Patent Searching – what is it and how can it help you?

Patent Searching

Every year, hundreds of thousands of patent applications are published globally and, as a searchable collection, published patent specifications hold a wealth of commercially-useful, as well as scientifically-valuable, information. Whether you want to find out if your own invention is potentially patentable, or if your new product might infringe someone else’s patent rights, or if you just want to find out what your competitors are up to in your technical space, patent searching can be a hugely valuable tool.

The term ‘patent searching’ covers a number of different types of searching, and the type you need depends on what you want to achieve.  There are main types of patent searches, namely:

  • Patentability searches
  • FTO or infringement searches
  • Patent landscape searches

Patentability searches

In order to be patentable, an invention must have at least one novel technical feature that is not an ‘obvious’ modification of whatever has been done before.  These criteria are assessed against everything that has ever been published (or made public) anywhere in the world.  If you want to assess whether or not you could secure patent protection for your invention, we often recommend having a patentability search performed.  The search is focused on the main features of your invention (the ones we think might be novel) and usually returns a result in the form of a set of patent documents describing earlier ideas in the same field so that we can assess whether or not your invention meets the requirements for patentability.

FTO or infringement searches

FTO (Freedom To Operate) or infringement searches are used to determine if commercialising your new product or process is likely to infringe someone else’s patent rights.  These types of searches are usually broader than patentability searches, and they are also territorial, which means that a search needs to be performed in each country where you plan to commercialise your product.  For these reasons, FTO searches tend to be somewhat more expensive than patentability searches, especially as, in most countries, the results are (legally) worth very little without a local attorney’s opinion on whether or not your commercial activity would infringe the patent rights found in the search.

Landscape Searches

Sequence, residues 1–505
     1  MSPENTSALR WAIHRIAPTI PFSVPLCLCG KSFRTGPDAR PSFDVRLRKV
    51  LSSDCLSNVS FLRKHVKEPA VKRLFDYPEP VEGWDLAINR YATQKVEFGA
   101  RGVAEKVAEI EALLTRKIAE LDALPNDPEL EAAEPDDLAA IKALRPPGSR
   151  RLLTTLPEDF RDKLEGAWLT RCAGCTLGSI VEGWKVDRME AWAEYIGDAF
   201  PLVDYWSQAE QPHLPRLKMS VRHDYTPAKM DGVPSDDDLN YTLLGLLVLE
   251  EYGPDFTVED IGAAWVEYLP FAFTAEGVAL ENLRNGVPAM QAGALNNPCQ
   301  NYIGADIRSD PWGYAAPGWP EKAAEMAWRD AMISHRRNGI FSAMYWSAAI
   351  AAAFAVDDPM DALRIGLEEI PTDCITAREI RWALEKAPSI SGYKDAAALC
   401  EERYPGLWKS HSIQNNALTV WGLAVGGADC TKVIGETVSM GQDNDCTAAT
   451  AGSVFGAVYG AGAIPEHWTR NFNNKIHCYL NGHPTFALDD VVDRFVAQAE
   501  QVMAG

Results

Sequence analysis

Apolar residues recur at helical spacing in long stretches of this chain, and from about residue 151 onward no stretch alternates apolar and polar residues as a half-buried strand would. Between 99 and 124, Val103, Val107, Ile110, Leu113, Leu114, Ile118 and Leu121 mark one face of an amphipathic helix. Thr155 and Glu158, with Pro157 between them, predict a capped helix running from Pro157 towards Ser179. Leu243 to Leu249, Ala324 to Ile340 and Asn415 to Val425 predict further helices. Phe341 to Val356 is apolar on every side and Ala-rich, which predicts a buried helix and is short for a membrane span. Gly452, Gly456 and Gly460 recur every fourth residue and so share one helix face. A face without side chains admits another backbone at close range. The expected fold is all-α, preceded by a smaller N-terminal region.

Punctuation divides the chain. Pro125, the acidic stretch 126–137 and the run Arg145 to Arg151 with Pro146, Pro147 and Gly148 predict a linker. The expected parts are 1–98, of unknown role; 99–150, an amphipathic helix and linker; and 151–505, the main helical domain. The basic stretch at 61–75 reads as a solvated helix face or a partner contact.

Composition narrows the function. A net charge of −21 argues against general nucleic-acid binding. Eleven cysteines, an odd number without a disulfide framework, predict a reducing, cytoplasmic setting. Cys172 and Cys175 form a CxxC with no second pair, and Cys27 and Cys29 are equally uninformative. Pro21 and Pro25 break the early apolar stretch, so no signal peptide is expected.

Landscape searches tend to focus on particular technical fields and use a large set of relevant patents to extract key information about a particular technical field.  For example, what companies are most active in that field?  Who are the main inventors? What is the geographical distribution of innovation in that field?  What particular technical areas are most ‘crowded’ in terms of research and development, and are there any gaps? And much more.

Patent Searching as a design tool

Another valuable use for patent searching is as a design tool.  For example, if you are trying to solve  a particular problem in your own R&D, you can use patent searching to see if anyone else has come up with a solution to the same problem, which (if they have) could save you re-inventing the wheel!  For this type of searching, you can use one of the free online searching platforms, such as Espacenet – patent search and use keywords (and other parameters) to find what you are looking for.

A word of warning

Patent searching can never be considered to be 100% comprehensive and complete, and there are a number of reasons for that.  Firstly, especially with keyword searching, spelling and translation mistakes in the documents can result in relevant documents being missed because the keywords you have used don’t match.  Also, patent applications are not published until 18 months after they are filed, so any applications filed less than 18 months before the search is performed will not be found.  This is a particular drawback when it comes to emerging technologies, as most of the applications in those types of fields will have been filed relatively recently.

Need Help?

We would always recommend that you use a professional search company and an attorney to perform (at least) patentability and FTO searches  so that the search strategy can be properly formulated and a legal analysis of the results performed.

If you need help with a patent search, or have any other burning IP issues, please book a free initial consultation by emailing or visit our website at

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